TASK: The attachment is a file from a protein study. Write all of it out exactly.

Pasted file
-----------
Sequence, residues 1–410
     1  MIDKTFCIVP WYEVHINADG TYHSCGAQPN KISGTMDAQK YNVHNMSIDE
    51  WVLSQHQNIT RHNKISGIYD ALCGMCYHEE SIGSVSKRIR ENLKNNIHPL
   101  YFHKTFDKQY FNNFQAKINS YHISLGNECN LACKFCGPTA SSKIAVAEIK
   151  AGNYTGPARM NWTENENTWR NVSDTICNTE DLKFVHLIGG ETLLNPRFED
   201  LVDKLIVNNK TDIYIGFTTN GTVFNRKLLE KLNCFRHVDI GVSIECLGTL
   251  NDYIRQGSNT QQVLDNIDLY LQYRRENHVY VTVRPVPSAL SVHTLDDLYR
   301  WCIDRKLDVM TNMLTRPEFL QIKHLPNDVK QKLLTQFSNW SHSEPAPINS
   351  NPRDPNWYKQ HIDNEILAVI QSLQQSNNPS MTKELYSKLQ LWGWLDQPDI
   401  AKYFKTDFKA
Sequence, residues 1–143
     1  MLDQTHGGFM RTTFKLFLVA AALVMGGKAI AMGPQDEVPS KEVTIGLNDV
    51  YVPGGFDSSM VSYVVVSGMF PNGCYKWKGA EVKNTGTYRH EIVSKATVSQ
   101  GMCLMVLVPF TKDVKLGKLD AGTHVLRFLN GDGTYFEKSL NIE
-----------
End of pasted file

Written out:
Sequence, residues 1–410
     1  MIDKTFCIVP WYEVHINADG TYHSCGAQPN KISGTMDAQK YNVHNMSIDE
    51  WVLSQHQNIT RHNKISGIYD ALCGMCYHEE SIGSVSKRIR ENLKNNIHPL
   101  YFHKTFDKQY FNNFQAKINS YHISLGNECN LACKFCGPTA SSKIAVAEIK
   151  AGNYTGPARM NWTENENTWR NVSDTICNTE DLKFVHLIGG ETLLNPRFED
   201  LVDKLIVNNK TDIYIGFTTN GTVFNRKLLE KLNCFRHVDI GVSIECLGTL
   251  NDYIRQGSNT QQVLDNIDLY LQYRRENHVY VTVRPVPSAL SVHTLDDLYR
   301  WCIDRKLDVM TNMLTRPEFL QIKHLPNDVK QKLLTQFSNW SHSEPAPINS
   351  NPRDPNWYKQ HIDNEILAVI QSLQQSNNPS MTKELYSKLQ LWGWLDQPDI
   401  AKYFKTDFKA
Sequence, residues 1–143
     1  MLDQTHGGFM RTTFKLFLVA AALVMGGKAI AMGPQDEVPS KEVTIGLNDV
    51  YVPGGFDSSM VSYVVVSGMF PNGCYKWKGA EVKNTGTYRH EIVSKATVSQ
   101  GMCLMVLVPF TKDVKLGKLD AGTHVLRFLN GDGTYFEKSL NIE